Bert Beekman (1952–2020)
by Nico Roozen
Bert Beekman graduated with a degree in Soil Science and Hydrology from Wageningen University in 1976. During his time as a student, Bert immersed himself in gypsy music. He poured his emotions into his passionate violin playing. He was active in Ceres, the student association and it was almost a given that he eventually headed it.
Typically for Bert, he declined a PhD position at Shell to throw himself into the unknown in Honduras in 1977. There, he quickly learned Spanish. Though he never quite mastered the rolling ‘r’, he spoke the language very well. Bert was not only precise, he was a lover of language.
His 11 years in Central America were accompanied by all manner of hardships. It was during this period that resistance to military dictatorships and its brutal repression began to emerge. In the Netherlands, the solidarity movement was growing. In 1979, when the Sandinistas ousted Somoza from Nicaragua, Central America was suddenly in the spotlight. At one point, when Bert was in Honduras, he was forced to drop everything and flee because of his work with Salvadoran refugees who were in contact with the revolutionary FMLN. Being sought by the secret services was life-threatening.
Bert and his then wife Adeline moved to Nicaragua, where it was safer, and their daughter Maritza was born there. Their elder children, Djoeke and Wouter had been born in Honduras. Despite his parental responsibilities, Bert took risks. Much of Nicaragua had fallen into civil war and some areas were warzones. Bert’s solidarity with the poor farmers made it impossible for him to put his own safety first. The locals had no choice in the matter, after all. The loss of good friends became a cruel reality.
Gradually, Sandinism became a ‘betrayed revolution’. Later, Bert will undoubtedly have asked himself whether all the risks had been worth it. Not least because of the unexpected consequences of his stay in Central America, which would only reveal themselves decades later.
In 2003, Bert received the diagnosis - he had Parkinson’s. He was the only person in his family with the disease. Research has shown that there is a connection between ongoing exposure to pesticides such as DDT and Paraquat, and Parkinson’s. Bert’s time in the countryside and his intensive work with farmers resulted in long-term exposure to agro-chemicals. It is likely that Bert’s disease fits into a broader pattern of disease and death caused by these pesticides.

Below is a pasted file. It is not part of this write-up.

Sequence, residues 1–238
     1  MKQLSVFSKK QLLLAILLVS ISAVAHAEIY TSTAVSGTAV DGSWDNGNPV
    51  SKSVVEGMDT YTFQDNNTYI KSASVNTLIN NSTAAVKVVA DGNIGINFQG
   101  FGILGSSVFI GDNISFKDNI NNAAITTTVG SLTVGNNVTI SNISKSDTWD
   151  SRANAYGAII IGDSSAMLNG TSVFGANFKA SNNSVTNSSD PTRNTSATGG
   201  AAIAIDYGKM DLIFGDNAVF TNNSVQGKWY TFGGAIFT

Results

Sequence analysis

Improper use and exposure to pesticides is a risk factor which applied not just to Bert, but also to the local population. Bert’s second wife, Monique van de Vijver, has dedicated her life to this cause. Within Solidaridad, she is committed to the importance of health for development, and the relationship between health and the way our food is produced.
In 1987, Bert returned to the Netherlands and began working in a temporary job at Novib in The Hague. The following year I offered Bert the job of director at the newly founded Max Havelaar Foundation. He took over from me the eve of the introduction of Max Havelaar coffee. For seven years, he would lead the foundation in its steady growth. After coffee came cocoa, tea and honey. But Bert spent most of his energy on European expansion. A faltering Dutch consumer market meant that the best opportunities for growth laid in internationalization. Thanks to the support of two supermarket chains, Switzerland was a resounding success. France followed. Then Belgium, Italy, Denmark… Bert travelled throughout Europe. From time to time he enlisted the help of the founding fathers - Frans van der Hoff and myself. He clashed with German initiative-taker Martin Kunz. German hegemony over the precursors of certification had to be prevented. Bert did not like conflict; he was a consensus-seeker. His charm and bridge-building abilities ensured that any arguments did not escalate unnecessarily.
After seven intensive years, Bert felt that it was time to pass on the baton. For Max Havelaar, the 90s were an uncertain period with faltering growth. Certification schemes for corporate social responsibility began to emerge. Growth picked up again following the appointment of Coen de Ruiter as director in 2005. During these challenging years, the only highlight was the introduction of Fair Trade bananas by Solidaridad in 1996. Bert continued to contribute significantly thanks to his work as a consultant through his company NovoTRADE Consult. He established and maintained the relationship with Solidaridad's banana cooperatives in Ecuador, the main supplier of Oké bananas.
Bert spent the last years of his working life at Oxfam Novib on the Make Trade Fair campaign. His physical limitations steadily reduced his ability to work. Early 2008, Bert was forced to fully retire from working life.
Read a tribute by Journal of Fair Trade editor-in-chief, Pauline Tiffen here